Eartipping is the universal symbol to identify that an outdoor or free-roaming cat has been fixed. This involves clipping off, or “tipping” the upper 1 centimeter of the cat’s right ear so that it’s straight across instead of coming up into a point. This is done while the cat is under anesthesia, it is painless for the cat, and it does not significantly alter the appearance or beauty of the cat.  Since feral cats are wild, you cannot get close enough to them or pick them up to tell if they have been fixed before, so the eartip allows you to recognize at a distance whether the cat has been fixed. It is a sign to your neighbors, other trappers and caregivers in the area, veterinarians and vet clinics, and even to Animal Control that the cat has been fixed.

What if the cat is pregnant?
It is safe to spay a cat even if she is pregnant. The pregnancy will be humanely aborted. While later term pregnancies pose a slightly higher surgical risk, our veterinarians are highly experienced and it is safe to spay your cat at any point during the pregnancy. If a cat is too far along to fix, our vet will make that determination.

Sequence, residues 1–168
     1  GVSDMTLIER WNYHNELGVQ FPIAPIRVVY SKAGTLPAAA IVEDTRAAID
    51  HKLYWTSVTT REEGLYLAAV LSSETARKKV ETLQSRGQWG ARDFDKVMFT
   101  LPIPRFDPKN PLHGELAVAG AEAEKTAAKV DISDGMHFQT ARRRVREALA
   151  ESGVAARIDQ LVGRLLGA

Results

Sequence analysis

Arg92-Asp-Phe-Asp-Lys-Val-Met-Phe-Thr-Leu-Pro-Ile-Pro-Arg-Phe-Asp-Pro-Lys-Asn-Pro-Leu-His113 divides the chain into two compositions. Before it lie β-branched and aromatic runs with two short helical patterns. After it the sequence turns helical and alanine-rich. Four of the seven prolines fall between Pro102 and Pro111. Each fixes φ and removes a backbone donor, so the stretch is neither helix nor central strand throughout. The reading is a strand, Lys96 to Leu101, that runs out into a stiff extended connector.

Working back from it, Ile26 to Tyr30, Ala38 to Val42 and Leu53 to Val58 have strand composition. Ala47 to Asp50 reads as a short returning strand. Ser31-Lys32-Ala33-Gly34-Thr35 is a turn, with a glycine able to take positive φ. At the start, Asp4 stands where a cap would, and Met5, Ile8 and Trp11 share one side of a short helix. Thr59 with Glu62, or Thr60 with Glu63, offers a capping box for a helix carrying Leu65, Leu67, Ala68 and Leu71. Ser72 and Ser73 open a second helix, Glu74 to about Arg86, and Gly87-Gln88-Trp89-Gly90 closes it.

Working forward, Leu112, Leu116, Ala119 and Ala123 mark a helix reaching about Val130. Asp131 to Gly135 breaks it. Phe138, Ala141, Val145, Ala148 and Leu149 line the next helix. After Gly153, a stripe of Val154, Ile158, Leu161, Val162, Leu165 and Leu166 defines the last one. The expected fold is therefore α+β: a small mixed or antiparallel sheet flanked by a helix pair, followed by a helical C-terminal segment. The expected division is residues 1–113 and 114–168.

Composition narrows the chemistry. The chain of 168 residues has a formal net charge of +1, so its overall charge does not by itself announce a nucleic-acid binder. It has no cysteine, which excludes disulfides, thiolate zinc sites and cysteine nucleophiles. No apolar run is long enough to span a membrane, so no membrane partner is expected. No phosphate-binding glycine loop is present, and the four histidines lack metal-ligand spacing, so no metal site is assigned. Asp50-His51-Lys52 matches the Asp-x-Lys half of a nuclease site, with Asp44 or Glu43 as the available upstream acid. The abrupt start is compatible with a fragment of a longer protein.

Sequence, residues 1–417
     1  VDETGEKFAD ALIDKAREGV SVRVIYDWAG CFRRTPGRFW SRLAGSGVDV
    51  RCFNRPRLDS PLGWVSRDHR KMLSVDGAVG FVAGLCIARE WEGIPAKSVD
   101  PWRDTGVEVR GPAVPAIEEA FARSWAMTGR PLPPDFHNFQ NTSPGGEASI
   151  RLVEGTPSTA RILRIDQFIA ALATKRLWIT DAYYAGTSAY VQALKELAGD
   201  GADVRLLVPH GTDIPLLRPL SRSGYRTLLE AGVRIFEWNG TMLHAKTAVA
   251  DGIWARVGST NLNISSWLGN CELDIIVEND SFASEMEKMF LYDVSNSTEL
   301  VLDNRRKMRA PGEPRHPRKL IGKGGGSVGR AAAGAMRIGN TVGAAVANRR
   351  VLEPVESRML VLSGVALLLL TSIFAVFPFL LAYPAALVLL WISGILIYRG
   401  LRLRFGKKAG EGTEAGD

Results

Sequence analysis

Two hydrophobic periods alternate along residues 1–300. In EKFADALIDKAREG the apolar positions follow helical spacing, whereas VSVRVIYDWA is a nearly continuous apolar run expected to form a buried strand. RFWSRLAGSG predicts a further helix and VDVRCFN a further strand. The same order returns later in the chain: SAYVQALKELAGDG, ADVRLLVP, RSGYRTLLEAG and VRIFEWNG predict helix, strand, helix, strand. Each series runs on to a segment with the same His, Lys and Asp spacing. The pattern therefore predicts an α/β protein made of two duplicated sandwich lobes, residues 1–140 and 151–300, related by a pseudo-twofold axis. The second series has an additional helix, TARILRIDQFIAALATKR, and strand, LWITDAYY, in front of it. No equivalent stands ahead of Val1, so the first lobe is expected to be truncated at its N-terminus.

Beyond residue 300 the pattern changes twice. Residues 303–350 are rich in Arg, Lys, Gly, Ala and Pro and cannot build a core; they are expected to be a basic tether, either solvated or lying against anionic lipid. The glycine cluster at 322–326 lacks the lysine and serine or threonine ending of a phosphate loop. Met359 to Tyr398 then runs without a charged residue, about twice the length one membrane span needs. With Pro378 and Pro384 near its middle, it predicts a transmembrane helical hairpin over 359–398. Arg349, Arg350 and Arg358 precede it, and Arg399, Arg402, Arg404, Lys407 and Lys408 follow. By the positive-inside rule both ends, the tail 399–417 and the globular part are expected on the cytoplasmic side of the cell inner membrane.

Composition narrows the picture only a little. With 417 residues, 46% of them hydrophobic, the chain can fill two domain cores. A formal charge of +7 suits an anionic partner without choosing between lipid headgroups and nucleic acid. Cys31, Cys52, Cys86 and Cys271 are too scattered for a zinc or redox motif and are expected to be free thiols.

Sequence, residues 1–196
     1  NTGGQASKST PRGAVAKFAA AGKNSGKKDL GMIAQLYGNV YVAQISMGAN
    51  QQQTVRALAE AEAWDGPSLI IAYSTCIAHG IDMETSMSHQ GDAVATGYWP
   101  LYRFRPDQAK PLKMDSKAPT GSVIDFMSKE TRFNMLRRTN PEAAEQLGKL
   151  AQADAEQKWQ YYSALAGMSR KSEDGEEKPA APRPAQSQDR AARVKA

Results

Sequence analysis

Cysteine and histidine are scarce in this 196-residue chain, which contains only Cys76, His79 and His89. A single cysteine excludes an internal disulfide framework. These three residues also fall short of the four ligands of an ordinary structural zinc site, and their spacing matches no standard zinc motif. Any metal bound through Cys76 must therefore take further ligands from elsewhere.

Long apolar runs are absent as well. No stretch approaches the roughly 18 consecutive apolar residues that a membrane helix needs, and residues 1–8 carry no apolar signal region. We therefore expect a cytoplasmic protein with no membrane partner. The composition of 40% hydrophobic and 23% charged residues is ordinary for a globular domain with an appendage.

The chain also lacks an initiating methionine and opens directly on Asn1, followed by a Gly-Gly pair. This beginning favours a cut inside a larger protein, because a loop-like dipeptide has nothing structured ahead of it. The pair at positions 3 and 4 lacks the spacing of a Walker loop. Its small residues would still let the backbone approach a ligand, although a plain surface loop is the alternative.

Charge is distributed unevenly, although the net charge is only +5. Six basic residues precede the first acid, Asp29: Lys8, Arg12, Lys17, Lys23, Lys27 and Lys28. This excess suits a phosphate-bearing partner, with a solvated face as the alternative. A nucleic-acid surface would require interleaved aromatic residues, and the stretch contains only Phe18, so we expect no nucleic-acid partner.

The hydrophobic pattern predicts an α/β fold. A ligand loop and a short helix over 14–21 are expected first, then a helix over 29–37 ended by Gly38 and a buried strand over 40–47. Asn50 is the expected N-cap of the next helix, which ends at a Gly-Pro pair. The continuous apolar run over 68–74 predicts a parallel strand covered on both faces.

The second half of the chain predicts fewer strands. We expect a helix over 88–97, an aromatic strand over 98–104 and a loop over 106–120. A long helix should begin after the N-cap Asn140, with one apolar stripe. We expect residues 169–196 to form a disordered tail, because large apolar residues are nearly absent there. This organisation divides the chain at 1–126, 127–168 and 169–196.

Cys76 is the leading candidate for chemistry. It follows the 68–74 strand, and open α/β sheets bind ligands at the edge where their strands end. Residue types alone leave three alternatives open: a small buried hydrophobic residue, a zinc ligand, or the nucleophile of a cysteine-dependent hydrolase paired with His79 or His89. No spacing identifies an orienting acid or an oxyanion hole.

This female cat just had kittens. When should I get her spayed?
Please try to wait until the kittens are five weeks old before you trap and bring in the mom. Kittens under five weeks need their mom since they have to nurse every couple of hours. They also require their mom to be able to keep warm, since they can’t hold in body heat on their own yet. They also need mom to help them go to the bathroom, because they don’t know to go to the bathroom on their own (mom has to lick them to stimulate them to go.) At about five weeks or older, the kittens can survive for a longer period of time without their mom, as they are eating and going to the bathroom on their own by that age.

After mom gets spayed, can she still nurse her kittens? 
Yes, the mother cat can still safely nurse her kittens after the spay surgery. She will continue to produce milk and nursing won’t interfere with her ability to heal post surgery. It is also safe for the kittens to nurse; the milk will be fine. It is safe all around. You’ll just need to keep a close eye on her to make sure she is recovering properly.